Islamic influence is evidenced in several other areas too. Most obvious is that Christ denies that he is “the Son of God” or “God” (ch. 93), which is what the Qur’an teaches (5:116). The GB’s author tries to explain the origin of Christian belief in Christ’s God-status on account of the “operation of Satan” that was spread by the Roman soldiers (ch. 91). One of the reasons Christ could not have been God’s son is because “God has no body to beget” (ch. 48 and 112) and “God hath no human similitude, and therefore begetteth not sons” (ch. 91). This view holds that Christian belief in Christ being the son of God is a literal sexual begetting and therefore blasphemy. Although this mistakes the orthodox Christian position, it is nonetheless a fundamental claim of the Qur’an (19:31-35). Christ also purportedly predicts the coming of the Prophet Muhammad: “I am indeed sent to the house of Israel as a prophet of salvation; but after me shall come the Messiah, sent of God to all the world; for whom God hath made the world” (ch. 82, this is also the chapter in which the author refers to the year of jubilee occurring every 100 years). The future will witness the coming of Mohammed, “the sacred messenger of God” (ch. 112.). This is taught in the Qur’an (61:6). In this sura, Christ purportedly teaches that he is a messenger of Allah who brought the Children of Israel “good tidings of a messenger to come after me, whose name is Ahmad.” Further, Christ will ascend to heaven from the Earth and the one who betrays him, who we’ve noted to be Judas, will be slain in his place (ch. 112 and 215). Christ will therefore avoid the fate of crucifixion through his ascending to heaven, a view we noted is proposed by the Qur’an (4:157-159). The Qur’anic expression that Christ’s crucifixion was “made to appear to them” and that it was the betrayer Judas who took Christ’s place is a popular Islamic claim, although it is not the only one.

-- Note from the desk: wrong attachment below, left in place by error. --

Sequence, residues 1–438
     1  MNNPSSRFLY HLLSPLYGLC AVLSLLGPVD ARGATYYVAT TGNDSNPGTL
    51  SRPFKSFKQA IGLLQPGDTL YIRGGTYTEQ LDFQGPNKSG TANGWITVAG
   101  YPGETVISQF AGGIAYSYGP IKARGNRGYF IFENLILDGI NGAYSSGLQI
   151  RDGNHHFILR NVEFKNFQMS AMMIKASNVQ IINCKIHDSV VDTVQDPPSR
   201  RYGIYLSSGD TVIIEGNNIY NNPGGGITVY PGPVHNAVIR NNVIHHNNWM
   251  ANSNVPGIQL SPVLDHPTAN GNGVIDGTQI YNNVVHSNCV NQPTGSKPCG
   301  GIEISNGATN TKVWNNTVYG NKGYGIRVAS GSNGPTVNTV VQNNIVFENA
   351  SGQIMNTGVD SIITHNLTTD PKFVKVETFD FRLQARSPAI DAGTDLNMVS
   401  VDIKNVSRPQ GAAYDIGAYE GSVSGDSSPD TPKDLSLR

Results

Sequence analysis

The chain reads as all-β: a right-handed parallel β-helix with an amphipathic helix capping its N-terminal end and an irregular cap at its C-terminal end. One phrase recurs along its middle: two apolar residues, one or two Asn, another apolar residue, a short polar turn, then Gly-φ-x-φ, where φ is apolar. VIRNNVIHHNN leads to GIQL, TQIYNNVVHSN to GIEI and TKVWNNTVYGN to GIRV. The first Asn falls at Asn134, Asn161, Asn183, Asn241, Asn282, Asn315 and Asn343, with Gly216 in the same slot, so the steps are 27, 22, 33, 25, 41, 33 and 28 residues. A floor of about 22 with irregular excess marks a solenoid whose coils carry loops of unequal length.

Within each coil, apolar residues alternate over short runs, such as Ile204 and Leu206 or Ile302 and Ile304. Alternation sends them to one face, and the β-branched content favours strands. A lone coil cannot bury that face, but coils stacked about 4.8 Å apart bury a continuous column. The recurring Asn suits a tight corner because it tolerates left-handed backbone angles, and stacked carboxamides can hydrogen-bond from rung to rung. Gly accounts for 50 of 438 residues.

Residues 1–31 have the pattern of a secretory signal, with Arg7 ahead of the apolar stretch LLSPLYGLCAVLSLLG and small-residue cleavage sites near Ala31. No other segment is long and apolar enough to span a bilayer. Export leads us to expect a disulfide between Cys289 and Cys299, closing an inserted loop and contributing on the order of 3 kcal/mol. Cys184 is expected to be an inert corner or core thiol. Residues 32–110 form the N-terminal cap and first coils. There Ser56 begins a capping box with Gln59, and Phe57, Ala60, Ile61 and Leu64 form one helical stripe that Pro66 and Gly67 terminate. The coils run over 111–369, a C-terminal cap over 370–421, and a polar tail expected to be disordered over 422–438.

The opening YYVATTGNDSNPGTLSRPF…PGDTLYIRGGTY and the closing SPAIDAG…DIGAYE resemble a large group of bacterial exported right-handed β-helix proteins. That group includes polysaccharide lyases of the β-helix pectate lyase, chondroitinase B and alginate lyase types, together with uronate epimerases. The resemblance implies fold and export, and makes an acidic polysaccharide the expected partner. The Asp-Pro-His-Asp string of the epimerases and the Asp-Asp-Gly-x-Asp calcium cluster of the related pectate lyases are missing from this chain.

However, despite these clear Islamic influences, the GB does appear to conflict with several Qur’anic claims. For example, the Qur’an’s claim that there are seven heavens (2:29) is in opposition to the GB’s nine (ch. 105 and 178). That Mary had pain when she gave birth to Christ (Qur’an 19:23) is inconsistent with the GB’s claim she experienced no pain while giving birth (ch. 3). What is also odd, although probably explicable due to the author’s lack of linguistic knowledge, is that the GB rejects that Christ was the Messiah (ch. 42 and 82) yet still uses the Greek term “Christ” to refer to him on several occasions (ch. 1 and 6). Christ is the Greek word for Messiah, which the author seems not to have known.

These details strongly suggest that the GB was not written by the Greek-speaking Jew of the title’s name in the first century. What is far clearer is that this text is an Islamic polemic that attempts to present a historical Jesus that conforms to the Qur’anic and orthodox Islamic view.

The Historical Jesus, Reliability, and Value of the GB

It is uncontroversial to say that GB cannot be used as an independent source for the life and ministry of the historical Jesus. The consensus is that Christ died by crucifixion around 30 CE, but if the GB was indeed written in the fourteenth century then that makes it 1300 years removed from his life. It is therefore much too late to ever be considered a valuable source attesting to events that occurred in the first century. By way of comparison, most scholars would even avoid using other much earlier apocryphal texts such as the Gospel of Judas as a source for the historical Jesus because it is at least 150 years removed from Christ’s death and evidences invention to make the historical Jesus cohere with a later ideology. That later ideology in the case of the Gospel of Judas being Gnosticism while for the GB this is Islam. Further, the GB was authored in a European location (possibly Spain) far removed from Palestine. This is evident in the lack of accurate knowledge one might expect its author to have should he have been familiar with first-century Palestinian territory.

It must also be said that these criticisms do not suggest that the GB has no value. It does and its value lies in its use as an Islamic polemic against Christians. It was likely the product of tensions between Christians and Muslims, perhaps occurring between these groups. The GB could have been composed in opposition to Christianity around the time of the Spanish Inquisition.


1. Joosten, Jan. 2010. “The Date and Provenance of the “Gospel of Barnabas.”” The Journal of Theological Studies 61(1):200-215. p. 201-202.

2. Kritzinger, J. N. J. 1980. “A Critical Study of the Gospel of Barnabas.” Religion in Southern Africa 1(1):49-65.

3. Kritzinger, J. N. J. 1980. p. 55.

4. Miegge, Giovanni. 1955. The Virgin Mary: The Roman Catholic Marian Doctrine. Claudiana. p.40.